Maybe I’m dead wrong but somehow I don’t think I am. It seems to me that there is little interest in what is happening to Native Canadians. I am in the midst of gathering material for a research paper I am working on about the Innu of Labrador, focusing on their culture and society.
Years ago headlines screamed about the plight of the people of Davis Inlet in Labrador. Videos of teens sniffing gasoline shocked and disturbed Canadians. The community was moved to Natuashish, where it was hoped some of the issues would be resolved.
There’s a saying that goes something like, “No matter where you go, there you are”. I think that all the issues that led to such poverty and despair cannot begin to be addressed by a simple move.
Now, I am not saying the move wasn’t necessary, it was.
So that brings me back to the point of this blog. As I said, I am doing research on the Innu for a sociology paper. I find it deeply disturbing that there is so little available to choose from in the way of news articles.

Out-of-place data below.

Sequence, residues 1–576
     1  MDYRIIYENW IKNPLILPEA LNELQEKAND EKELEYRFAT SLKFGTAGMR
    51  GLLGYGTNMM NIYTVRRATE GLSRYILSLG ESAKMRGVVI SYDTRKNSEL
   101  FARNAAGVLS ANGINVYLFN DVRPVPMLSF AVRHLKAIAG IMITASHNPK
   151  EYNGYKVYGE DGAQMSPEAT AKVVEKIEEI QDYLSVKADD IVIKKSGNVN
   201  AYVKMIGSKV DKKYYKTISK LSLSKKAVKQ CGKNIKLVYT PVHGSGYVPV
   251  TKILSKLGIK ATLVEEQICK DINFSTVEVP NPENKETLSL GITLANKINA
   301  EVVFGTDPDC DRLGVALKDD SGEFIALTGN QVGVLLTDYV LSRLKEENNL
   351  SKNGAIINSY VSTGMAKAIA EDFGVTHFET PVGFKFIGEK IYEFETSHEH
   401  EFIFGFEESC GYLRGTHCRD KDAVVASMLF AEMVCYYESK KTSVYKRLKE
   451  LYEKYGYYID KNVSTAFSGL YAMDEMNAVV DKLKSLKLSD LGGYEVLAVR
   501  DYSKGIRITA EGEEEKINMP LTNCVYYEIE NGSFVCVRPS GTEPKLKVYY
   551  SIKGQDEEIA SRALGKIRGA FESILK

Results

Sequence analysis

I recently completed a paper on the Sudan and had no trouble finding reams and reams of material. The only challenge was choosing which articles I wanted to use.
I was glad to learn more about the Sudanese and their struggles. I would like to learn more about the Innu in my province. Like the Sudanese, the Innu are struggling. It is a sad fact of life in native communities all across our country.
I will continue haunting the library and scrolling through google pages to get what I need. It just makes me sad to contemplate how we have treated our Native peoples. We have ignored the Innu for too long, showing up when there is a crisis and then fading back into the woodwork, so to speak.
It is early in my research but videos found on you tube have revealed the stamina, courage and strength of the human spirit. With all of their challenges, heartbreak and struggle, the Innu still find something to sing about.